Adolescent reproductive health in Cameroon : prevention of adolescent pregnancies through access to sexual and reproductive health measures in Cameroon


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Høgskolen i Oslo og Akershus. Fakultet for samfunnsfag

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Master in International Social Welfare and Health Policy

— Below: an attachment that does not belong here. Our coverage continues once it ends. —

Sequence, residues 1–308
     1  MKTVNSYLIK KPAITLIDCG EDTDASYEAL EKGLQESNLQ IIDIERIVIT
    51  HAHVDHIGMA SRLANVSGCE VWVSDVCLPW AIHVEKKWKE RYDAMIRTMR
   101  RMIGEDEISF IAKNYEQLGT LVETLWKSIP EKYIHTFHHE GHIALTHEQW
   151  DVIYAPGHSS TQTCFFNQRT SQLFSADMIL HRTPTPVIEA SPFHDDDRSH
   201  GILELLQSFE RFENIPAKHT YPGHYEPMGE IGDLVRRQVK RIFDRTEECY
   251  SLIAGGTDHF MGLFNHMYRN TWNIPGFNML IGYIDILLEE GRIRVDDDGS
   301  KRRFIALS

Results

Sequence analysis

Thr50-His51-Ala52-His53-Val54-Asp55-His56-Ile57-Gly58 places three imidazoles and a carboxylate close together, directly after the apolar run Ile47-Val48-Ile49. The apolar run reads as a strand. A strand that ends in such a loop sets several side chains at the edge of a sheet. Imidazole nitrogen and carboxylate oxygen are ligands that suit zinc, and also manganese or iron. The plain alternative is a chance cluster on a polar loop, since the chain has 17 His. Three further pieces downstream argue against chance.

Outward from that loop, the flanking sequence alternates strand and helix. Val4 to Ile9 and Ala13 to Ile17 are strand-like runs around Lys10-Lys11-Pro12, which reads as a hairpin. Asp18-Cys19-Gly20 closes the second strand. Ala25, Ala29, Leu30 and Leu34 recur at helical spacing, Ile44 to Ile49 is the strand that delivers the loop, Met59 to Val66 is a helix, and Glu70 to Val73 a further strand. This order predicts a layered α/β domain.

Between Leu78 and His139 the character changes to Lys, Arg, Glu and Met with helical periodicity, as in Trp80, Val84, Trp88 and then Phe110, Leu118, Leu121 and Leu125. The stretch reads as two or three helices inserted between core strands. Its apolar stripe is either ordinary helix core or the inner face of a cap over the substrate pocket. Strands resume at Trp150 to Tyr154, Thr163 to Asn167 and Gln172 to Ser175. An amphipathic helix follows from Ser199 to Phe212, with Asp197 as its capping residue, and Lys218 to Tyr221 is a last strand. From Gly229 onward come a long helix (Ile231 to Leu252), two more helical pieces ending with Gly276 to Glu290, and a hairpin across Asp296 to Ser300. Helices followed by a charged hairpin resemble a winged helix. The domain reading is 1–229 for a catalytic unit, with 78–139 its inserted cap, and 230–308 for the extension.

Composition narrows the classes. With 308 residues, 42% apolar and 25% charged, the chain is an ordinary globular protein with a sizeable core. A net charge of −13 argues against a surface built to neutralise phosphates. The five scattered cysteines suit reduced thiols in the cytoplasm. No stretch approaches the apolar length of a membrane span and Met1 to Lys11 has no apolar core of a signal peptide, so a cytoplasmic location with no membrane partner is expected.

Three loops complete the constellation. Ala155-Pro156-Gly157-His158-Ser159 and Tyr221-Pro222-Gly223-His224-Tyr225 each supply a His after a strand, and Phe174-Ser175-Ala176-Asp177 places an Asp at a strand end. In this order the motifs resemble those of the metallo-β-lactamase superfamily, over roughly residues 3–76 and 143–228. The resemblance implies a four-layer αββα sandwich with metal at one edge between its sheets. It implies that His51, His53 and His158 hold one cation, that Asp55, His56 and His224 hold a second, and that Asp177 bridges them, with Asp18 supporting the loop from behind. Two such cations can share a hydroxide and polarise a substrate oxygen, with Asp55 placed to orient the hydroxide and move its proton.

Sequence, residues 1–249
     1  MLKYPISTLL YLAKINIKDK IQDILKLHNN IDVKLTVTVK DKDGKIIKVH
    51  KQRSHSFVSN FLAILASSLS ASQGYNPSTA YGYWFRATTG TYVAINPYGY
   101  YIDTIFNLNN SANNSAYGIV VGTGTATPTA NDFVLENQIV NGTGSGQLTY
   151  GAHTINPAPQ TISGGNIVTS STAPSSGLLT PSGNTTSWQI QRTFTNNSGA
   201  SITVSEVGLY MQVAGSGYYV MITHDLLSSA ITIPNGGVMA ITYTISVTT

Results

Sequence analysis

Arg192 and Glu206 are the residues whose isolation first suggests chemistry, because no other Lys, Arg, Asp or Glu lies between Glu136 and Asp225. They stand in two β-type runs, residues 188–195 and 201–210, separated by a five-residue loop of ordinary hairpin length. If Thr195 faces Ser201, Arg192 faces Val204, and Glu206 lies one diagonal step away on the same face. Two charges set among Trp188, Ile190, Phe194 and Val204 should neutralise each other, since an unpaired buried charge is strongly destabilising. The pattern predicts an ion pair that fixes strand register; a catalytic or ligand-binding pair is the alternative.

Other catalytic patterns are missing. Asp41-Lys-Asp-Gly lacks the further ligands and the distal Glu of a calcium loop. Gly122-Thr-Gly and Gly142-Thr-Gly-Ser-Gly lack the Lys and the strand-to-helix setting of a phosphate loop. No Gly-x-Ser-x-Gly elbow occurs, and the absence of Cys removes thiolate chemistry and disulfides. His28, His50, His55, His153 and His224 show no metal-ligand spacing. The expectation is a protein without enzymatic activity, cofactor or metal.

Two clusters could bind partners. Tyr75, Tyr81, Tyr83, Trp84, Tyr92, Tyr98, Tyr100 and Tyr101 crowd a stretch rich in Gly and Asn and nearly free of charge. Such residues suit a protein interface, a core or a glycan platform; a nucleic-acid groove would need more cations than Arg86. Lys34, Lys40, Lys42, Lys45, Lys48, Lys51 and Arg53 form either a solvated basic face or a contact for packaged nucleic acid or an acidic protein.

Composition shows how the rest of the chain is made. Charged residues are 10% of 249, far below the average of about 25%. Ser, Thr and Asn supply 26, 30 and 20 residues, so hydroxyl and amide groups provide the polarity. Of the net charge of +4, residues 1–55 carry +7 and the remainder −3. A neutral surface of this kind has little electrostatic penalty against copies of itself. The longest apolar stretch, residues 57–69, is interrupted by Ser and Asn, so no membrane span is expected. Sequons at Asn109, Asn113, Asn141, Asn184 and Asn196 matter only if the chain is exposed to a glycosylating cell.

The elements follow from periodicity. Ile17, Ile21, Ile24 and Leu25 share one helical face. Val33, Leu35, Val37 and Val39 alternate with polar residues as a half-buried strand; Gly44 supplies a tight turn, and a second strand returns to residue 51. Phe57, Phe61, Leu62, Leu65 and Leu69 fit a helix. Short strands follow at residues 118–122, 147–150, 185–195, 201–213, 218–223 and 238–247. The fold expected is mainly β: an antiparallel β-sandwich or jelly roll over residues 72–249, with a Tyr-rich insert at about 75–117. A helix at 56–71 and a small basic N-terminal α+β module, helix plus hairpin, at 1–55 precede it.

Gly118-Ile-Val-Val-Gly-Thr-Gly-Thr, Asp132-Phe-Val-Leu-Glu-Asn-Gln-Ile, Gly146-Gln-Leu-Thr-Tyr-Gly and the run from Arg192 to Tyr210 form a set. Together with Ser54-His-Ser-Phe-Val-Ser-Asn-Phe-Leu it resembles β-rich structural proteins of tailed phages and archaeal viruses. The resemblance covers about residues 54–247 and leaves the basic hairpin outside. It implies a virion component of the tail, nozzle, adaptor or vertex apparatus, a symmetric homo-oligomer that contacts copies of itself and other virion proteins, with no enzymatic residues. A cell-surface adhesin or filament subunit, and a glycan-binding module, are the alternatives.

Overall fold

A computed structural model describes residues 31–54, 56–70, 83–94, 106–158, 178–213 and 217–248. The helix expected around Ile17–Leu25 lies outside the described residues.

Preventing adolescent pregnancies and improving adolescent reproductive health are important as they not only touch on more tangible issues like maternal and child mortality, but also have a long-term effect on any country’s basic wellbeing, from economic growth to societal and cultural development, to gender and equality issues. Nevertheless, pregnancies in adolescence still represent an important health challenge in the sub-Saharan country of Cameroon. This study seeks to establish a better understanding of the current reproductive health situation for adolescents in Cameroon and determine if adolescents have the means available to prevent early age pregnancy. Its main objectives are to answer these questions: 1) What is the Cameroonian government doing with respect to health polices and sexual health programs in order to prevent adolescents from early pregnancies, and what are the main outcomes of any health programs implemented? 2) What are the main barriers limiting improvement of adolescents’ sexual and reproductive health situation in Cameroon? This study uses a review-based method to explore literature on the subject of adolescent reproductive health in Cameroon. The review considers the background to the current adolescent reproductive health situation in Cameroon, and describes the policies and programs used in efforts to meet the country’s reproductive health needs. The main findings show that the Cameroonian government has a set of written health policies, dating back to the early 1990s, which touch on reproductive health, but none of them specifically address the issues of the subject among adolescents in Cameroon. Most of the implemented reproductive health programs have been short-term efforts headed up by non-governmental entities. Among these initiatives, the “Aunties program” and those based on peer education have shown the most effectiveness and promise among adolescents. Overall the efforts expended so far have regrettably been inadequate. The main barriers limiting the improvement of sexual and reproductive health in Cameroon can be summarised as: lack of existence of and access to qualified “adolescent-friendly” health facilities and personnel, lack of political will in development and implementation of nationwide health policies and programs, and a too short time-frame for the programs implemented. The situation is further complicated by structural, political, cultural and religious factors that have created a standstill and frequent unwillingness to move towards progress in bettering the reproductive health situation of Cameroonian adolescents.


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